In light of the statistic that nearly half of all marriages will not last, it may be beneficial to consider how a divorce could impact one's life. Though there are many movie examples that portray a divorce as an ugly and sustained battle, the real-life process does not have to be either emotionally or financially draining. Florida residents who may be considering filing for a divorce may find that a collaborative law approach could work for them.
In 2002, a movie highlighted the difficulties of a marriage between two different cultures. The main character of "My Big Fat Greek Wedding" recently announced that she and her husband of 25 years -- and on whose marriage the movie was based -- are seeking a type of collaborative law divorce. This alternative dispute resolution option is gaining in popularity in Florida and across the country.
Over the past several years, there has been a change in the way that some couples are seeking to end their marriages. In those situations where the two parties are in agreement that they wish to avoid a prolonged court battle, a collaborative law solution might meet their needs better than a traditional divorce proceeding. Several states have enacted laws that guide the practice, including Florida.
The prospect of seeking a divorce likely comes with visions of protracted court battles and significant expenses. For some couples, there may be another option through collaborative law. While this is not the most common divorce option, it is a viable option for many Florida residents.
The decision to end a marriage is usually only made after serious consideration. The process to obtain that divorce is often an emotionally and financially draining experience for the entire family. Florida residents who have decided that a divorce is the best choice for their current circumstances may seek more information on how a collaborative law approach could ease the process.
Many people seek a collaborative divorce in an effort to reduce the time, expense and stress associated with ending a marriage. Collaborative law has another benefit to Florida spouses who share children. The process of negotiating the terms of a divorce through collaboration offers a training ground for spouses who will transition into co-parenting roles.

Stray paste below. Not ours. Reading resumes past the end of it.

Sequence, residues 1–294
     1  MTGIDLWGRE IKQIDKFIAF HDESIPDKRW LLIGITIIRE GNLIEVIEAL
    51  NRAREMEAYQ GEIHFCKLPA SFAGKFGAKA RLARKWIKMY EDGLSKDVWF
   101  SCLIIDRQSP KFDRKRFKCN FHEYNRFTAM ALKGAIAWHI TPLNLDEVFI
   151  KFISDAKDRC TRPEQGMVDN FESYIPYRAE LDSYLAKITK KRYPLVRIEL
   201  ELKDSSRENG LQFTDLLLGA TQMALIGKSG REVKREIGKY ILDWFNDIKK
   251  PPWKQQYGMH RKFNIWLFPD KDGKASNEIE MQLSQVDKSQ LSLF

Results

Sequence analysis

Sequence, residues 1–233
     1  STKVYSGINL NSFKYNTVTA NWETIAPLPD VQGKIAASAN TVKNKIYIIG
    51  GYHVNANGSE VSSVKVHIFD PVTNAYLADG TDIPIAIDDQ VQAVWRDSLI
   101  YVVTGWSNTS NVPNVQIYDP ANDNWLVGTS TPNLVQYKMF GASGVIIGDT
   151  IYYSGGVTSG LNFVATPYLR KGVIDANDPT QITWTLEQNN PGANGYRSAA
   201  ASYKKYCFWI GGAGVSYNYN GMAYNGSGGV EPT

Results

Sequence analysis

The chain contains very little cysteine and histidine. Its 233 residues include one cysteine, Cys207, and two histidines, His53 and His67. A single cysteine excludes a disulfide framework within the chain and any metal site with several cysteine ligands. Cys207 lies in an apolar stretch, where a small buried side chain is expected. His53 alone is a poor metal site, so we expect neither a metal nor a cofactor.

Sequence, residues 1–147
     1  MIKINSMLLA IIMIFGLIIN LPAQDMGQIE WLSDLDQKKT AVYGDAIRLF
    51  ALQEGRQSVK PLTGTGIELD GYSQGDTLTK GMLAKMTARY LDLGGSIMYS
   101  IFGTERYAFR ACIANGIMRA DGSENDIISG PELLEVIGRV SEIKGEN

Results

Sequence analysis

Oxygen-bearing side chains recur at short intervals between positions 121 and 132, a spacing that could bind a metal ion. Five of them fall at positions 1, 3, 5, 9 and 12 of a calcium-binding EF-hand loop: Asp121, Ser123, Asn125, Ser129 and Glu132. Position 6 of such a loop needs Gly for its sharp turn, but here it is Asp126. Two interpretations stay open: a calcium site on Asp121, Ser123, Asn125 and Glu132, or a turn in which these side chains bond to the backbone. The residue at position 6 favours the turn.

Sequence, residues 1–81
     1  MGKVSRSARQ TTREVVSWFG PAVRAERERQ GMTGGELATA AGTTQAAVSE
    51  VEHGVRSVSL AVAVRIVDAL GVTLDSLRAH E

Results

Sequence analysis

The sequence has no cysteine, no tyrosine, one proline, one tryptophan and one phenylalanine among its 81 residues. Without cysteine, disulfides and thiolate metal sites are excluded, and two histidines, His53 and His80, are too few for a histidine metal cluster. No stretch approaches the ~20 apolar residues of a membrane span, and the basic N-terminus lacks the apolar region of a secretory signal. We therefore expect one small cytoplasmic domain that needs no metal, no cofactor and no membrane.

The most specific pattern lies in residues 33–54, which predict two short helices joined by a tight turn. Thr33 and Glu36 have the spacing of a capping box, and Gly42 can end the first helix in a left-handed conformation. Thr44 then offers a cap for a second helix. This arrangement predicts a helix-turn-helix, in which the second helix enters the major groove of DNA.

For many Florida spouses, the idea of a collaborative divorce is appealing. Some spouses wish to limit their legal fees, while others are hoping to foster a sense of collaboration that will extend into the co-parenting relationship. Regardless of one's reason for attempting a collaborative law approach, it's important to go into that process fully prepared. The following tips can help Florida spouses make the most of collaboration.
Many Florida couples are looking for a non-traditional path to ending their marriage. Long gone are the days when divorce followed a very narrow path. Today's couples have many choices when it comes to processing the end of a marriage, including collaborative law. This approach harnesses the best intentions of both parties toward seeking a mutually beneficial settlement.
Spouses who want to end their marriage in Florida will now find that the state is taking a new approach to the legal aspects of divorce. With the passage of the Collaborative Law Process Act, spouses will now be required to go through a collaborative process in the early stages of a divorce, rather than taking the matter directly to court. That could change the way that divorce is perceived in the state, and could have a ripple effect on other states considering similar legislation.
Few Florida residents relish the thought of a highly contentious or bitter divorce. That is especially true for parents, who must also consider the effect that a nasty divorce might have on their shared children. Researchers have looked at the impact that divorce can have on children, and have concluded that it is not the divorce itself that causes hardship for kids, but the manner in which the parents handle the divorce. That is yet another reason why parents should consider a collaborative law approach as they prepare to part ways.